The Mommy Wars will stop when we lay down our weapons and go home, and deprive the generals of our lives to use as cannon fodder. They will stop when we refuse to sit in judgment on other mothers. They will stop when we say to the people worrying about Marissa Mayer and her still unborn child that no, in fact, we shouldn't draw any conclusions about maternity leave in general from this case, which is really about how one specific family is choosing to handle the very unusual circumstance of having the woman receive an offer of a top leadership role when she was already pregnant. Do you want to discuss what maternity leave in the US should be? Great, let's do that! But leave Mayer out of it- she is irrelevant to the discussion. They will stop when we refuse to say that a mother who has decided to leave the workforce is somehow "wasting" her education. Aren't parents their kids' first teachers? Well, I'm all for teachers who have good educations. They will stop when we tell Ann Romney and her supporters that they will score no political points from their misinterpretations of Hilary Rosen's statements. Just about everyone recognizes that taking care of children is actual work- certainly those of us in the workforce do, since we pay someone else to do that work for some number of hours every day. If you find someone who doesn't recognize that fact, deal with that person rather than igniting unnecessary battles by willfully misinterpreting the comments of someone who clearly does. They will stop when we tell those well-meaning left-leaning commenters that while there are indeed profound problems with race and class in our society that impact access to childcare and with how we value the labor of childcare, it is hugely unfair to lay those problems at the feet of one mother- no matter how rich- or even a group of mothers, unless they happen to also be the President and the leaders of Congress. In short, the Mommy Wars will stop when we make them stop by rising about the instinct to judge even when judging seems to further our own beliefs and desires.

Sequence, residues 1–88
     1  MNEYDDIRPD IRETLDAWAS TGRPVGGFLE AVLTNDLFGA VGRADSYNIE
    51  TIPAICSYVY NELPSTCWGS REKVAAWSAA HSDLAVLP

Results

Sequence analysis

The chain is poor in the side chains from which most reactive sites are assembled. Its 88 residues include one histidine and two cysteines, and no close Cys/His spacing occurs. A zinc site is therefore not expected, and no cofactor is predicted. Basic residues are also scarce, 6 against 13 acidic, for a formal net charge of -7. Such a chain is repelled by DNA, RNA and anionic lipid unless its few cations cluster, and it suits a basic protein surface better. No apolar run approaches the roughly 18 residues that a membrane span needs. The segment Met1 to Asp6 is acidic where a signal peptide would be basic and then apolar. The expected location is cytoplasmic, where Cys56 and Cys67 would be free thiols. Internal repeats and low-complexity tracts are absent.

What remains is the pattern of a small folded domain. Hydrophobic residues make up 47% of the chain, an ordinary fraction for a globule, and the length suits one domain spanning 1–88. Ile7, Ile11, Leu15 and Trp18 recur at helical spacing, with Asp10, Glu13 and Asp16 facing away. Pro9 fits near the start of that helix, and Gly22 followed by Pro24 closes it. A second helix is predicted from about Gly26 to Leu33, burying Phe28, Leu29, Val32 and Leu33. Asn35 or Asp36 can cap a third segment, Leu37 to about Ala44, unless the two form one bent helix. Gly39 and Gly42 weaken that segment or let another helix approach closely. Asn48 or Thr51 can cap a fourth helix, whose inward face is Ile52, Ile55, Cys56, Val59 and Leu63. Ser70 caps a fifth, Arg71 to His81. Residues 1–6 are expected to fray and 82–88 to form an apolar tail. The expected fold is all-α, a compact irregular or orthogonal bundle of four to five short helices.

The Mommy Wars show the risks we run when we allow our judgment to run unchecked. We're so busy feeling outraged and secretly (or not so secretly) judging other mothers that we don't seem to have any energy left to try to actually solve some of the problems and improve the situation. We've created an environment where it is entirely reasonable to expect to be judged for even the most mundane parenting decision, and I suspect that is why we're so quick to take offense and why it is so hard to have the sort of open, honest discussions we'd need to engage in to find policies that would really work.